Image Handler in ASP.NET WebForms and MVC

Image handlers allow your application to enforce policy or apply business logic before serving up the image. For example you may want to do one of the following:

  • Enforce authorization based upon user credentials / roles to limit access to images. This for instance can be used to prevent unauthorized access / downloads of images.
  • Dynamically create and serve a thumbnail when the user request a full size image.
  • Add an overlay (e.g. copyright watermark) on the image in memory before serving it back to the browser.

Image handlers can perform these and many other functions. This blog will discuss two implementations for an image handler. The first will be an ASP.NET HttpHandler. The second will be an MVC controller implementation.

HttpHandler Implementation

An HttpHandler is a process that is run in response to a request made to an ASP.NET web application. The most common HttpHandler is the handler that processes requests for .aspx files. To create an HttpHandler you implement the IHttpHandler interface. Here is a simple image handler:

public class Image : IHttpHandler
{
    public void ProcessRequest (HttpContext context)
    {
        // Authenticate user.
        //
        if (!context.User.IsInRole("Admin"))
        {
            return;
        }

        // Get the image id.
        //
        string idString = context.Request.Params["id"];
        if (string.IsNullOrEmpty(imageRelativePath))
        {
            return;
        }

        // Determine if the image is being downloaded and saved
        //    or streamed back into the response.
        //
        bool isDownload = false;
        if (context.Request.Params["d"] != null)
        {
            isDownload = true;
        }

        // Fetch the image.
        //
        string imageFullPath = ImageService.FetchImagePath(idString);
        System.Drawing.Image image = System.Drawing.Image.FromFile(imageFullPath);
        if (image == null)
        {
            return;
        }

        // ************
        // Insert processing here.
        // ************
        //
        image = AddCopyrightOverlay(image);

        if (isDownload)
        {
            context.Response.AddHeader(
                "Content-Disposition",
                "attachment; filename="
                + Path.GetFileName(imageFullPath));
        }
        context.Response.ContentType = "Image/jpeg";
        image.Save(context.Response.OutputStream, System.Drawing.Imaging.ImageFormat.Jpeg);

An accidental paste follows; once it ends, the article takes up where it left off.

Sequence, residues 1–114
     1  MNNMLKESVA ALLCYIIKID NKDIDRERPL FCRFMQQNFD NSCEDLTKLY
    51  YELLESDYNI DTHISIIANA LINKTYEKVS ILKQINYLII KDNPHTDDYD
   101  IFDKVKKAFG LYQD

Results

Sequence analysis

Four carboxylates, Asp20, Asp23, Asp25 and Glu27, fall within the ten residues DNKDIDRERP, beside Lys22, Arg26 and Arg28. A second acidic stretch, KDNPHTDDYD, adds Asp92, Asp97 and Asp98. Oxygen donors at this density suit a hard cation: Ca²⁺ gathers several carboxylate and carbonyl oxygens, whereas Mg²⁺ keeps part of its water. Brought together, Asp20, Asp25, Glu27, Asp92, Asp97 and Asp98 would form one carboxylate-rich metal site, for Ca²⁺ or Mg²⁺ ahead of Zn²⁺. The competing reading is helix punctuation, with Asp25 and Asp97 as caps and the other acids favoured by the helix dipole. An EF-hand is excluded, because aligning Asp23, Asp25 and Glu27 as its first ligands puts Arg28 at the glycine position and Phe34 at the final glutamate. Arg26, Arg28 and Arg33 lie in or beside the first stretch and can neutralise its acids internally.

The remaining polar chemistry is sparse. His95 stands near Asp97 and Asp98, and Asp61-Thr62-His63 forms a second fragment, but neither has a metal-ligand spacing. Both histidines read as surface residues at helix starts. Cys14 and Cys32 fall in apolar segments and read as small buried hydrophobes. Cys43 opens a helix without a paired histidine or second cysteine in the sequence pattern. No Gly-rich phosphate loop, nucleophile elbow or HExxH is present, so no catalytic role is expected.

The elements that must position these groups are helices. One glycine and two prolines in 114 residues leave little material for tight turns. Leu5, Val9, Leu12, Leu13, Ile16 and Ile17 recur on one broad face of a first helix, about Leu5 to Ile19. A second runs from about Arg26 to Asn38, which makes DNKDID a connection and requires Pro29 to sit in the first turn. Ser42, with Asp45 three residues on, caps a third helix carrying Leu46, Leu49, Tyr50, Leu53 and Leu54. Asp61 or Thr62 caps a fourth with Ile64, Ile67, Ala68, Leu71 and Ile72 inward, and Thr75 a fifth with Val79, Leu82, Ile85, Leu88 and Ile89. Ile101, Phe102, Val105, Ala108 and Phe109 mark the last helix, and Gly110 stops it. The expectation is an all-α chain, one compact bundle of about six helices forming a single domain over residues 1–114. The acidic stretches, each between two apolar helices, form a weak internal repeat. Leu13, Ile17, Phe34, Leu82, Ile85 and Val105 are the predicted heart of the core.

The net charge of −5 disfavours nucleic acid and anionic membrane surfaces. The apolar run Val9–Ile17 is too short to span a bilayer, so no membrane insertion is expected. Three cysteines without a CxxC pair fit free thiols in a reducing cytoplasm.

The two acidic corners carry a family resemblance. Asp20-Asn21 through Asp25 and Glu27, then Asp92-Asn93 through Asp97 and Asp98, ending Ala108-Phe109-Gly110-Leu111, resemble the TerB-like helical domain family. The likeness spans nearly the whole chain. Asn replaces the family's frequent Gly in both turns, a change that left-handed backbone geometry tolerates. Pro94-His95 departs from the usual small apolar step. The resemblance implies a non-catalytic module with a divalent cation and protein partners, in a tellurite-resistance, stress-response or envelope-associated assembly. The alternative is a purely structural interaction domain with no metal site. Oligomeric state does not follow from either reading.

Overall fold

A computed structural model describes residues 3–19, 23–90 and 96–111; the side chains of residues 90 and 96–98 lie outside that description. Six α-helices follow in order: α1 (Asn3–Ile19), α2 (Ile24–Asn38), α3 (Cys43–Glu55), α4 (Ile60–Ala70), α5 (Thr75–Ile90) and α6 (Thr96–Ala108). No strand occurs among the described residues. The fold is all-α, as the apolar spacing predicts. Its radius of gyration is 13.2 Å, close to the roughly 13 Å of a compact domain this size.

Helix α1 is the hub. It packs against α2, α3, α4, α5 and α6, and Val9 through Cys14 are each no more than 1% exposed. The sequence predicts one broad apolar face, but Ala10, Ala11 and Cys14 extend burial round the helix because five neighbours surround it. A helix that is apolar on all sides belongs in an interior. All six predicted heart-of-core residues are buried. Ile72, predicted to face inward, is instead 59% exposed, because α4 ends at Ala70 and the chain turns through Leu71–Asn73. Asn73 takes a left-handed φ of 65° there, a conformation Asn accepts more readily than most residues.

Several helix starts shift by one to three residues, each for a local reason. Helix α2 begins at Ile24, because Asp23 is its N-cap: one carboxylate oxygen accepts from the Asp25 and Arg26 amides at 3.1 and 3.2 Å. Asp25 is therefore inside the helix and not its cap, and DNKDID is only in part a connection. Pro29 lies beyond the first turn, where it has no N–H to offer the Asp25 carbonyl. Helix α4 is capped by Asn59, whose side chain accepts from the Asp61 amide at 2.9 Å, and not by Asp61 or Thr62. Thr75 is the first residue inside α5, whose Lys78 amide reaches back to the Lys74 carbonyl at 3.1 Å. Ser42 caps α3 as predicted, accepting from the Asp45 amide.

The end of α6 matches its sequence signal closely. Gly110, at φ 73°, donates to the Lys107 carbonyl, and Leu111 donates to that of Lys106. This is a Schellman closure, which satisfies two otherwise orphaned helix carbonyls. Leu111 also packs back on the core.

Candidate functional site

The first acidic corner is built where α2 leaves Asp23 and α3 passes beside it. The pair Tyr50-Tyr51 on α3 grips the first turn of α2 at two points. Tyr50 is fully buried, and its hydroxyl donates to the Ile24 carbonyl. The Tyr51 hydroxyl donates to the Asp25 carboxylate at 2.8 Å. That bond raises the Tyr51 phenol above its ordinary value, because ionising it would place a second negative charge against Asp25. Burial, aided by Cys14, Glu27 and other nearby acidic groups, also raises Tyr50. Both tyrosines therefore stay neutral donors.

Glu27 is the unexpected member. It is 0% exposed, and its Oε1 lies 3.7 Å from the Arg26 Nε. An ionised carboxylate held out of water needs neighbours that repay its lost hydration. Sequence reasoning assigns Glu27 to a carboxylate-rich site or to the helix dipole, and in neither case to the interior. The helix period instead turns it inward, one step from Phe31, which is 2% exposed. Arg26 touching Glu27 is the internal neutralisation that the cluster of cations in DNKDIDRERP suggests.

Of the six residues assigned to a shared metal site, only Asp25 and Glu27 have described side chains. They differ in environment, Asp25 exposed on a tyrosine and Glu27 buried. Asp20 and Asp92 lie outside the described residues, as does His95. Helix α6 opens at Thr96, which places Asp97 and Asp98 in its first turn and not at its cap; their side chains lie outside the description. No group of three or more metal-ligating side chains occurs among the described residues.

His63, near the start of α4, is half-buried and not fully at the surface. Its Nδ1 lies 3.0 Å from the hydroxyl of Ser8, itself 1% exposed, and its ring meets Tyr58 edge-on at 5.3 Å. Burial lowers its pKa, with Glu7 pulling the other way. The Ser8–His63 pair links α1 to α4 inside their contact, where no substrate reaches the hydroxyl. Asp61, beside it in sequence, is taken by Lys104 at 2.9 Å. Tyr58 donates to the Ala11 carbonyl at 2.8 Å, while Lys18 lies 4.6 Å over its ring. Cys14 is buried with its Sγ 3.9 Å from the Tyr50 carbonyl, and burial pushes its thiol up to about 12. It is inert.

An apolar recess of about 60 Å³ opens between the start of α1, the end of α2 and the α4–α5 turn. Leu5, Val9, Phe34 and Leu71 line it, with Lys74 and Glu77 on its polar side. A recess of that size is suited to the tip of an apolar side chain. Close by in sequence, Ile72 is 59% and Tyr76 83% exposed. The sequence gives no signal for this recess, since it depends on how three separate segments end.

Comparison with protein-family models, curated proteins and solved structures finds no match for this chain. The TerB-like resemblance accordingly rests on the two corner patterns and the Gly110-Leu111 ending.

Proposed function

context.Response.End();
    }

    public bool IsReusable
    {
        get { return false; }
    }
}

This code first enforces authorization by validating the user belongs to the ‘Admin’ role. Next the the query string parameters are parsed and validated. Next the image path is fetched and the image is loaded into an .NET Image object. A copyright overlay is then added to the image. Finally, the image is streamed back to the browser.

This code handles request of the form:

  • http://URL…/Image.ashx?id=xyz
  • http://URL…/Image.ashx?id=xyz&d=true

In this case, the ‘id’ parameter is required and the value ‘xyz’ is the image ID. The ‘d’ parameter is optional and allows the same image handler to be used to download and save images.

MVC Controller

The ASP.NET MVC routing allows image requests to be handled by a controller. The following is a simple controller that provides image handler functionality:

public class ImageController : Controller
{
    [Authorize(Roles="Admin")]
    public ActionResult Thumb(Guid imageId)
    {
        Bitmap bitmap = ImageHelper.FetchImage(imageId);
        if (bitmap == null)
        {
            return new EmptyResult();
        }

        MemoryStream ms = new MemoryStream();
        bitmap.Save(ms, System.Drawing.Imaging.ImageFormat.Png);
        ms.Seek(0, SeekOrigin.Begin);
        FileStreamResult fileStreamResult = new FileStreamResult(ms, "image/png");
        return fileStreamResult;
    }
}

This controller has a Thumb action that returns a thumbnail of an image given an image ID. Authorization is provided using the MVC “Authorize” attribute configured to allow access to only users in the “Admin” role. The image is fetched from a repository and then streamed back to the browser.

The image can then be requested with the following URL.

  • http://URL…/Image/Thumb?imageId=GUID

In this case the ASP.NET MVC routing will map the query string parameter ‘imageId’ to the Thumb action’s input parameter. The GUID value must obviously be able to be converted to into a .NET Guid type.

Summary

Both of the image handlers will allow you to inject policy or business logic into an image request before the server responds. One advantage of the HttpHandler solution is that it can be configured in the Web.Config file to handle all requests with a certain path (*.jpg for instance). The HttpHandler is also a bit closer to the request in terms of the ASP.NET pipeline. This may also be an advantage. Be sure that your images aren’t directly accessible via a direct URL.

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